Russell Eberhardt15/07/2018 20:02:58
2403 forum posts
83 photos

.My sympathies Ron

I had similar symptoms about 12 years ago. My GP sent me to a rhumatologist who did x-rays and blood tests and diagnosed chondrocalcinosis, otherwise known as false gout. He prescribed anti-inflamatory tablets to be taken for a few days when it flares up. I can now recognise the onset of symptoms and take the pills for three days and it goes away. Still eating rare steaks occasionally and drinking red wine every day.


Mick Henshall15/07/2018 20:04:05
483 forum posts
28 photos

Ady's comment on lying on your left in bed is interesting, lying this way also releases trapped wind,does for me anyhow


Mick Henshall15/07/2018 20:27:16
483 forum posts
28 photos

Should add releasing wind orally not from the other end

Mick 😥

Edited By JasonB on 15/07/2018 20:34:26

Mick Henshall15/07/2018 20:33:58
483 forum posts
28 photos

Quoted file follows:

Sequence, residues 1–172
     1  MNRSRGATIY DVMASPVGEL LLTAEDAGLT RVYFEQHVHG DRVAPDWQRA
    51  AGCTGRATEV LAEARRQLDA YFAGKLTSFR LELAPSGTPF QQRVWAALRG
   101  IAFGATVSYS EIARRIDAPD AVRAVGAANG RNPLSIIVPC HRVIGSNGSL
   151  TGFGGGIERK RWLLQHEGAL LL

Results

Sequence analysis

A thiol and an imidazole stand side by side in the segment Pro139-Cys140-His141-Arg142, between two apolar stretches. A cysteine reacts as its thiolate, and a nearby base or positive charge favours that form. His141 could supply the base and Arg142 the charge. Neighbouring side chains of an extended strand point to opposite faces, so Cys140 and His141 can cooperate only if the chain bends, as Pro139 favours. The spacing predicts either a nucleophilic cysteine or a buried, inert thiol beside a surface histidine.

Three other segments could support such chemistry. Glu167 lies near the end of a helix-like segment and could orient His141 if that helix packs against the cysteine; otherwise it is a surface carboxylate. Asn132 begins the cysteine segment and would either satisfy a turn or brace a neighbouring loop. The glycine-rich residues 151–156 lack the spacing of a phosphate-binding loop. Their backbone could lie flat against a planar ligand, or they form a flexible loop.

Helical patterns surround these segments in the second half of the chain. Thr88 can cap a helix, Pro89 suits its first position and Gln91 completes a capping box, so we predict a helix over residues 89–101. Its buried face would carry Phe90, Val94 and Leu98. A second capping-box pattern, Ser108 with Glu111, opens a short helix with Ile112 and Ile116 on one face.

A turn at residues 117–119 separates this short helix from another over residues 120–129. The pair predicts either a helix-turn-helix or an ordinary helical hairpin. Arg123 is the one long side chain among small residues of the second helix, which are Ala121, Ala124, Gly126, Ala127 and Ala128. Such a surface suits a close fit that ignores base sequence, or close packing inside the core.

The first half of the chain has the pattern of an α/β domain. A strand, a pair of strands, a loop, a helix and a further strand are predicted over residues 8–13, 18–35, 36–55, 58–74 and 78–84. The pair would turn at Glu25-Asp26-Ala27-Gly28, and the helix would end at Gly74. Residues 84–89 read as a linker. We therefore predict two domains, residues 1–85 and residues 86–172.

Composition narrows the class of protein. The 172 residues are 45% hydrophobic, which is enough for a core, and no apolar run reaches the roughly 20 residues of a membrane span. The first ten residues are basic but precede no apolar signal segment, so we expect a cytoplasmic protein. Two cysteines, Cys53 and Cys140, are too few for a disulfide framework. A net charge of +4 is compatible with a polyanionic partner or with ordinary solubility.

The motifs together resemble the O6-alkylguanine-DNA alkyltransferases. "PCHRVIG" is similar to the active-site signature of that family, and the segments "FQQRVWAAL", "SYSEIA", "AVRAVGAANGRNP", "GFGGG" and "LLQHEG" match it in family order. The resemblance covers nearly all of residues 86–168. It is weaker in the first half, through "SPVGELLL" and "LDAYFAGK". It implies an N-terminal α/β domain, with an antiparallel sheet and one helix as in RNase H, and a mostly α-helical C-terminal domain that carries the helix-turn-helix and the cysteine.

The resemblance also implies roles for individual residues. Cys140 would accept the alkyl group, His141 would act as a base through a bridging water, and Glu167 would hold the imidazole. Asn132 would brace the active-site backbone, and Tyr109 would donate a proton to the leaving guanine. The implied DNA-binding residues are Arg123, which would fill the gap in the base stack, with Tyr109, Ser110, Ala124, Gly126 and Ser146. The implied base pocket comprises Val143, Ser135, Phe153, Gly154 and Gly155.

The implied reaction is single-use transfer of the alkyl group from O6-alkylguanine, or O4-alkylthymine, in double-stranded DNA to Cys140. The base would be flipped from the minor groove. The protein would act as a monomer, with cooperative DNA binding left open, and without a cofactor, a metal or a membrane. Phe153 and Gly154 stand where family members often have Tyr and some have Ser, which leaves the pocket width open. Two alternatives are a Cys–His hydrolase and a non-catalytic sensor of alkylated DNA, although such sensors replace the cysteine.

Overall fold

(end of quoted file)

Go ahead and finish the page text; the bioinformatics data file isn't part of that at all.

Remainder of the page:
Should add releases orally,not from the other orifice


Maurice15/07/2018 22:39:07
414 forum posts
50 photos

I have had gout now for about 45 years; fortunately kept at bay by Allopurinol and Naproxen, an anti-inflammatory. The only thing I have to avoid, is any of the alcoholic drinks that are famous for giving you a hangover, like red wine and sherry. As to the diet limitations imposed on other members, when I was diagnosed all those years ago, they were adamant that "nothing you eat or drink has any effect". Even then I knew better but it was waste of time trying to convince anybody.


Cyril Bonnett15/07/2018 22:41:36
234 forum posts
1 photos

So we were talking about my big toe and it's gout and younger brother said it was crystals forming in joint so a quick smack with a rubber mallet and hey presto two years on no gout, do I recommend it NO it hurt.

Samsaranda16/07/2018 09:16:47
603 forum posts
4 photos


I don’t think the medical profession sanction your remedy as the way to go!!!

Dave W